Countercultural Love: Congregation Offers Songs, Prayers of Comfort Post-Tragedy
By Adrian Powell
The small Indiana city of Connersville has some interesting points of interest. It is the county seat and the only incorporated town in Fayette County. Dan Toler of the Allman Brothers Band in the 80s and 90s hailed from the town, and it has been considered a typical Midwestern town. But there are also some dark clouds that linger over the area from the past. An impromptu worship gathering late last year of one local Church of God congregation ushered in some welcome rays of light.
In the 1920s and 30s, Indiana was home to some of the largest Ku Klux Klan meetings outside the South and continues to have some thirty active hate groups today, according to the Southern Poverty and Law Center which tracks such organizations. Connersville, in particular, is known to be home to the United Northern and Southern Knights of the Ku Klux Klan.
This brings us to Connersville City Councilman Tommy Williams. He is the only African American member of the city council. The city also only has a 2.7-percent Black population. Though Mr. Williams is a US Army Veteran, as well as a retired postal worker, while he and his wife and children were visiting Europe on October 29, someone set their house on fire.
The family is interracial, and the FBI is investigating this as a hate crime. While no one was hurt in the fire, the family pets were lost. Additionally, someone spray-painted the “N” word on the back porch of the home.
Enter Park Place Church of God of Connersville. Their worship drummer and board chair Philip Branum explained that he went to high school with the councilman’s wife, Emma, and had known Tommy, too. And while the church has been without a pastor for a while, Philip has been a part of the congregation his entire life, with his grandparents being one of the founding families. It was not that the community was shocked by the occurrence; there had been issues in the past that had impacted the image of the town negatively. “The difference now is that in the past you knew who you were dealing with. Today, with social media and the ability to hide your true identity behind a social media image, it is much easier to disguise yourself,” said Phil.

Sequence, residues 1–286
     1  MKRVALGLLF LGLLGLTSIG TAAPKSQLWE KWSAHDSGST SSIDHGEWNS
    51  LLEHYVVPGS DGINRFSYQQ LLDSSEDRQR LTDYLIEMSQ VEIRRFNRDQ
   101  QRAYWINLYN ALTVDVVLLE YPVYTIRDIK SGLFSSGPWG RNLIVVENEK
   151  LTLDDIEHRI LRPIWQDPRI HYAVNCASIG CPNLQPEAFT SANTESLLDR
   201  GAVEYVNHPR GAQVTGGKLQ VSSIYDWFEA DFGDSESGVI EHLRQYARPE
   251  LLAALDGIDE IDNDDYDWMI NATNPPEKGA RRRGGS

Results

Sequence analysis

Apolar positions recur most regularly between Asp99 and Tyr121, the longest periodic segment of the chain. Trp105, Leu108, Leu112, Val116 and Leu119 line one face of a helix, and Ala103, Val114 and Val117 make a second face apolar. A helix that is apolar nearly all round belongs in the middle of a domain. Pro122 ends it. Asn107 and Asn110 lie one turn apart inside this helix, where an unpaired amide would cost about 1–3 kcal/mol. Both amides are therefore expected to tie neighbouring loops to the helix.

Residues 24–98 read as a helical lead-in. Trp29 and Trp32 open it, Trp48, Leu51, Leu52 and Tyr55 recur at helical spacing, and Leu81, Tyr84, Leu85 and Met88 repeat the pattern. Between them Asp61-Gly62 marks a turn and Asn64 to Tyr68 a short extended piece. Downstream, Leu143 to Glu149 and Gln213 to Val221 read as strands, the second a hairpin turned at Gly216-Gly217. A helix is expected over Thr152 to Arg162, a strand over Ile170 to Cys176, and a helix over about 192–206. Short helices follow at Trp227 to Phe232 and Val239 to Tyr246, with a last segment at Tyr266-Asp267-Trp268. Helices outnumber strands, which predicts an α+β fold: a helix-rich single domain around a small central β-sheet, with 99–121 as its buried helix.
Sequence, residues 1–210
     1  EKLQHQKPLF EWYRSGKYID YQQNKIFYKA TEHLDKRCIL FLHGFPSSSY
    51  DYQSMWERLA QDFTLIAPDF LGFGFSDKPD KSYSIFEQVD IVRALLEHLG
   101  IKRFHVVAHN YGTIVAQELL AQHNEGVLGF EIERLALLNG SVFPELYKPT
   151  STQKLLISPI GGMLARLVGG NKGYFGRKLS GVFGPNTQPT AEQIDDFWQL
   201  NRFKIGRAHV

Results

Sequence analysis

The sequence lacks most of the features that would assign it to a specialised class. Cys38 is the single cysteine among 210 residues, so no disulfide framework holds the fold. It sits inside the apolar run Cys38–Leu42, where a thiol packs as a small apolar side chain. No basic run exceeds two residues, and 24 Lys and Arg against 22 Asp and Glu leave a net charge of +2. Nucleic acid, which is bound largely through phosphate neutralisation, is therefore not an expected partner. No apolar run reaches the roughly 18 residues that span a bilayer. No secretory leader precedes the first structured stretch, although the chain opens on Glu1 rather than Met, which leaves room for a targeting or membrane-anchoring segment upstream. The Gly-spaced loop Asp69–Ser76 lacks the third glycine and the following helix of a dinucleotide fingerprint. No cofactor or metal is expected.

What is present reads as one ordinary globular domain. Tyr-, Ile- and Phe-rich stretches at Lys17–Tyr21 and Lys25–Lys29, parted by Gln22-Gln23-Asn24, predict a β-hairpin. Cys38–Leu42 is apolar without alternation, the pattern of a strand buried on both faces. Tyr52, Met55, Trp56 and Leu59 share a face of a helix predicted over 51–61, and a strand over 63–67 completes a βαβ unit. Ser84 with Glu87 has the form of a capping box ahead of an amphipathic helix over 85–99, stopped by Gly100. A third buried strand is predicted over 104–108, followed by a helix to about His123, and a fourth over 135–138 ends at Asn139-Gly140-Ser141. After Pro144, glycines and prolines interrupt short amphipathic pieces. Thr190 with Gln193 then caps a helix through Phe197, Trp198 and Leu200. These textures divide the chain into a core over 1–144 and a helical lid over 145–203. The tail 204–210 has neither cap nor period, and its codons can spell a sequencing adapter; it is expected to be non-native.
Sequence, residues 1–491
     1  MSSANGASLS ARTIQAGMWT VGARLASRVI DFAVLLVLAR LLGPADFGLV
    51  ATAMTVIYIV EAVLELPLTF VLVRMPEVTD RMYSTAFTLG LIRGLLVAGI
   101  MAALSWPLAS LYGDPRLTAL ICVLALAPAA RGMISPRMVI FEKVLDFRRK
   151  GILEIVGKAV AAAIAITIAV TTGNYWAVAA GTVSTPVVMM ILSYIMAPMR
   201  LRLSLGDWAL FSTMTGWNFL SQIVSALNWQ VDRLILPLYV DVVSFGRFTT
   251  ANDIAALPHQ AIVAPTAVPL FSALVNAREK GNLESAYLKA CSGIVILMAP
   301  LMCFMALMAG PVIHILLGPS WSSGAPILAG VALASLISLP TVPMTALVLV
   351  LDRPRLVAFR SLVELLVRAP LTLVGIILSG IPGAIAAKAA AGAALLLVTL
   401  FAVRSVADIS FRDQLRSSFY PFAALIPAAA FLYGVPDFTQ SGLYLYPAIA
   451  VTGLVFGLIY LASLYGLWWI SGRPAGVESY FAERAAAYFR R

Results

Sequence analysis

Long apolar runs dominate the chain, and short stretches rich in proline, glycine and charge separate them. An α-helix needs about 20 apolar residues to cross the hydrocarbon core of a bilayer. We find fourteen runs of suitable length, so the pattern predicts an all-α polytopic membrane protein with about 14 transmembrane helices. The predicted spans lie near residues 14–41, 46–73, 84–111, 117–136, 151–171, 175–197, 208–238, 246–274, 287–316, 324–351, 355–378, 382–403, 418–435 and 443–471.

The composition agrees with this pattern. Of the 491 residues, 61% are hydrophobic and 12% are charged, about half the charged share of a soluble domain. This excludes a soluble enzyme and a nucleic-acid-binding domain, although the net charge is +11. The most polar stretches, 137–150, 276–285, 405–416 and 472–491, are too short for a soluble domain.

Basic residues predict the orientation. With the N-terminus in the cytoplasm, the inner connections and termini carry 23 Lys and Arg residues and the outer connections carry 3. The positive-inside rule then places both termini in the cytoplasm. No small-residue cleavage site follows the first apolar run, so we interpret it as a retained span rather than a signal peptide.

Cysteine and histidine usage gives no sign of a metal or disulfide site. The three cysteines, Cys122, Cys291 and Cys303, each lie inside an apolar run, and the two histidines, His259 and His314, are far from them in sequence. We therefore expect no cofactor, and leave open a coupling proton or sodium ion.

Williams was unable to eat or drink anything after hearing of the tragedy, recalling, “The first thing that went through my mind was, ‘Did I upset anyone?’ and ‘Why would they do this?’”
As the community came together to come to the family’s aid, Park Place Church of God decided that, in response to the morning’s sermon by interim pastor Shelly Short, that they would put their faith into action. The sermon that morning was titled “Faith, Vision, and Prayer.” Cathy Burgdoefer, one of the parishioners, felt God leading them to suggest they gather outside the fire-damaged home to sing and pray.
This witness of the strength of the people of God was powerful. As they sang Elevation Worship’s “See a Victory” and “Build My Life,” a neighbor of the Williamses said she was moved and pleased that a local church would take the time to come and do something positive, in contrast to those who were only there to “…gawk at the damage to the house and slow up traffic.”
The local Church of God has been a part of the fabric of the city of Connersville since 1938, and because of the resolve of the people of the city to overcome hate with love, a GoFundMe account for the Williamses has reached over $42,000.
Adrian Powell is an associate editor with Church of God Ministries and serves as senior pastor of Faith Community Church of God in Grove City, Ohio. He has been published in numerous periodicals, newspapers, and blogs, and has authored two books—The Jubilee Harvest and Resident Aliens: A Living Faith in a Hostile World, available at Amazon.com.